Tennessee became the 15th state to pass a bill allowing college athletes to earn money using their name, image and likeness.
On Tuesday evening, Governor Bill Lee signed Internal bill 1351, which will take effect Jan. 1, 2022. Tennessee is the latest state to sign a Name, Image, and Likeness (NIL) bill.
Georgia, Florida, Mississippi, Alabama, and New Mexico have VOID laws that come into effect July 1.
Some states are get ahead of the NCAA, which was considering changing its NIL rules. It’s a move that would fundamentally change an amateurish system that prevents athletes from participating in endorsement deals, monetizing their social media followers, or getting paid to sign autographs at a company that generates billions of dollars for their schools.
But the NCAA’s proposals would conflict with the provisions of state laws.
The Tennessee bill would affect college athletes in both men’s and women’s sports, but especially high performance teams. There are four FBS Division I college football teams in the state: University of Tennessee, Vanderbilt University, University of Memphis, and Middle Tennessee State University.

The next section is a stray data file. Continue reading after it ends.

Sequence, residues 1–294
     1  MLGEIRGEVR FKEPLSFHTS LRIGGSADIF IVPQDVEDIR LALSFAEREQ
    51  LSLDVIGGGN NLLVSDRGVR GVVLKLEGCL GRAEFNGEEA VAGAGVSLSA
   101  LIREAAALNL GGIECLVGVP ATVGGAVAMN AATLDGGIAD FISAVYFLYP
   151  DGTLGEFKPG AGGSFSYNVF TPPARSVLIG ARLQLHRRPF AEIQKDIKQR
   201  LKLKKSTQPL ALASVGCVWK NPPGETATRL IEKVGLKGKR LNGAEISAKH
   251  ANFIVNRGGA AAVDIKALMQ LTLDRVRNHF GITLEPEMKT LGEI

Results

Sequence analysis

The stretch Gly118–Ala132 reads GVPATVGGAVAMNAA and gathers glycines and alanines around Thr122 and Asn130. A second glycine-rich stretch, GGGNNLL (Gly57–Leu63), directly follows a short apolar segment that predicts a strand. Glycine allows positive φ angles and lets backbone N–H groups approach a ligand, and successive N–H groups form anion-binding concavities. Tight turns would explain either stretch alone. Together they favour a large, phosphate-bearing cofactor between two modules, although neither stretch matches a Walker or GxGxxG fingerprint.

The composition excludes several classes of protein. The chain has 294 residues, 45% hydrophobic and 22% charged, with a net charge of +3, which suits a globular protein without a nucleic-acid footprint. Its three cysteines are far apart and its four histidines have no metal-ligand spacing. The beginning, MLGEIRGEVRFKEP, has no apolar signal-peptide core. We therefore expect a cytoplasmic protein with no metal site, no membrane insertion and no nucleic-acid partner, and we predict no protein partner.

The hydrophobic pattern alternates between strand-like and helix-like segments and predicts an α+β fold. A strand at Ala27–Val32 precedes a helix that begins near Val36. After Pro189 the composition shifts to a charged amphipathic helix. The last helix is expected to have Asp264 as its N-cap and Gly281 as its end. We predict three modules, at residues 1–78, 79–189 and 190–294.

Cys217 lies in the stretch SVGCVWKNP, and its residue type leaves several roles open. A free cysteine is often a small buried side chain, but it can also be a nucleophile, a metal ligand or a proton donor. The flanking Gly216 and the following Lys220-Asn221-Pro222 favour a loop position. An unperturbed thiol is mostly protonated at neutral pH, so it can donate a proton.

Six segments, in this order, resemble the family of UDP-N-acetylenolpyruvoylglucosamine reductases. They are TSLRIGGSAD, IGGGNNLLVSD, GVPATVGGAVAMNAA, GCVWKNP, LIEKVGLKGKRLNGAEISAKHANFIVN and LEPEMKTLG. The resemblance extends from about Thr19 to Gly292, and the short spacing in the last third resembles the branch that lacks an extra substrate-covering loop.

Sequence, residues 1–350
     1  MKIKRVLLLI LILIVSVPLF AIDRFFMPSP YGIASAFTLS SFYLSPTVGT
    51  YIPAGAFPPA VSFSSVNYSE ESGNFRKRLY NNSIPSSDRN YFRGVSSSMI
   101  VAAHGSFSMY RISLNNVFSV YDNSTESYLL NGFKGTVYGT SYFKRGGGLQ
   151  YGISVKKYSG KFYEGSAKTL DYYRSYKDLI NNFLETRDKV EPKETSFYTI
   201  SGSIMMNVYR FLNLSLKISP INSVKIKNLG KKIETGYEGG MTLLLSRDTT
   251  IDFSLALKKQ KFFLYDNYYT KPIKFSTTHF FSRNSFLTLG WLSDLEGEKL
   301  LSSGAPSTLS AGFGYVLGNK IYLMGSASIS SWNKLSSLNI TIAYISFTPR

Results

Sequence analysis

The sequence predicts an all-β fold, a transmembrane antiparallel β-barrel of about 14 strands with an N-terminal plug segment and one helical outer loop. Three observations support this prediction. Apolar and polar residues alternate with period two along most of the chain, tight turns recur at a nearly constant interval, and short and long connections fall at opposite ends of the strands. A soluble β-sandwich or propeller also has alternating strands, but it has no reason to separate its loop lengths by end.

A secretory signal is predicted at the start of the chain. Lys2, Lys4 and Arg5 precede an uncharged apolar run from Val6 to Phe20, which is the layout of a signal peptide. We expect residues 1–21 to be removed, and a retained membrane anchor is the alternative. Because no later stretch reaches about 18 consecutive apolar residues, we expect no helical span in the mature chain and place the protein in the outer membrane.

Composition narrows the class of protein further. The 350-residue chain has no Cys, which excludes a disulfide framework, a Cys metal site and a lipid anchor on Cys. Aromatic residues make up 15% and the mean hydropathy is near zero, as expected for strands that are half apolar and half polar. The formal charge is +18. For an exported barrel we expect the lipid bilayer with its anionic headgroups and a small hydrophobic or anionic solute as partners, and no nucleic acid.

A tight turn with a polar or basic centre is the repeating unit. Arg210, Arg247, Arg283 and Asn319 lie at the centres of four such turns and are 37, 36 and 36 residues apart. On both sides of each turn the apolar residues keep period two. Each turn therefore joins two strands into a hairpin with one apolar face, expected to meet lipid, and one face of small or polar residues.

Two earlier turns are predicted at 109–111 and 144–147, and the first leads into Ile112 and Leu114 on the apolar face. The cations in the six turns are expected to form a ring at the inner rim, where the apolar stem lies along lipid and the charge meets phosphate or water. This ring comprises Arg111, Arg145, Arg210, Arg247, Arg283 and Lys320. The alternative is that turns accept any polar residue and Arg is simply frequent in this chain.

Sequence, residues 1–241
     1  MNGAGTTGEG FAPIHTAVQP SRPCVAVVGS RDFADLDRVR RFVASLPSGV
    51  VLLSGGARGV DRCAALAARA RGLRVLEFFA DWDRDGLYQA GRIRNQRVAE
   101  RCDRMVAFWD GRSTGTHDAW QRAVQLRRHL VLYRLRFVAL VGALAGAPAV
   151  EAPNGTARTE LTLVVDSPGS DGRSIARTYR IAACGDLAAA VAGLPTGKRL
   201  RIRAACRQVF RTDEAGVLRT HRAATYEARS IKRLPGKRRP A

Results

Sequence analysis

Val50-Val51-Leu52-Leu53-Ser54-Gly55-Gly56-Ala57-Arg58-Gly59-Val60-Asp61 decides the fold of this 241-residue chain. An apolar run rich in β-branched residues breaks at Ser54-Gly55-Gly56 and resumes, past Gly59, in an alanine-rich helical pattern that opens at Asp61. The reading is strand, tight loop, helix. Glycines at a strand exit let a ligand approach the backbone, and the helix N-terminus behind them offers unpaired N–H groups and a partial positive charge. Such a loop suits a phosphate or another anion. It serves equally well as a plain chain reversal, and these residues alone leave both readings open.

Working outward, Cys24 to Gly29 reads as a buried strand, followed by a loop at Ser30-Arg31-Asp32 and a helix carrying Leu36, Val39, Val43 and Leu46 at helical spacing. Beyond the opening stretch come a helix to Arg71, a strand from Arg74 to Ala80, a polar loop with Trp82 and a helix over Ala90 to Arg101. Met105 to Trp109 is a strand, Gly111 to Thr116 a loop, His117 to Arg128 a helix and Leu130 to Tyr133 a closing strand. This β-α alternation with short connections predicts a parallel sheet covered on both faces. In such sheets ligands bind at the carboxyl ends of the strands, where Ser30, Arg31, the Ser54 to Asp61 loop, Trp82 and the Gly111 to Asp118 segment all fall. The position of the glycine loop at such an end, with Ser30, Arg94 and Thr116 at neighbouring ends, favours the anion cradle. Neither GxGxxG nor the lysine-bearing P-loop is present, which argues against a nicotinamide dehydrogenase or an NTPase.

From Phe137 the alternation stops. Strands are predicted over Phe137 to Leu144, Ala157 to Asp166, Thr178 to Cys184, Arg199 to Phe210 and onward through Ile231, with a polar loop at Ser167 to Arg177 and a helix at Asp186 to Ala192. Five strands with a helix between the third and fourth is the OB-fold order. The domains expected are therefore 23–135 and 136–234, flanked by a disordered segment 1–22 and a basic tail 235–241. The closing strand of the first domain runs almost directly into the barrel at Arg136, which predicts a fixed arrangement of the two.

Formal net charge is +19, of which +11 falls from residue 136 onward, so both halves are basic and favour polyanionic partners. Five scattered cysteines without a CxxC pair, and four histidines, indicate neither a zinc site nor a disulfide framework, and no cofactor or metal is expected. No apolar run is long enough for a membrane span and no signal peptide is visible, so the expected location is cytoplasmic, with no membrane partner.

Tennessee’s new bill reads:
The bill also says that an institution cannot pass rules that prevent or unduly restrict athletes from earning compensation for the use of their name, image or likeness.
However, the institution may prohibit certain uses of an athlete’s name, image or likeness if it reasonably considers that there is a conflict with the values of the institution. For example, an athlete cannot promote gambling, tobacco, alcohol and adults
This story will be updated.
Steve Berkowitz, USA TODAY, contributed to this report. Contact Adam Sparks at email@example.com and on Twitter @AdamSparks.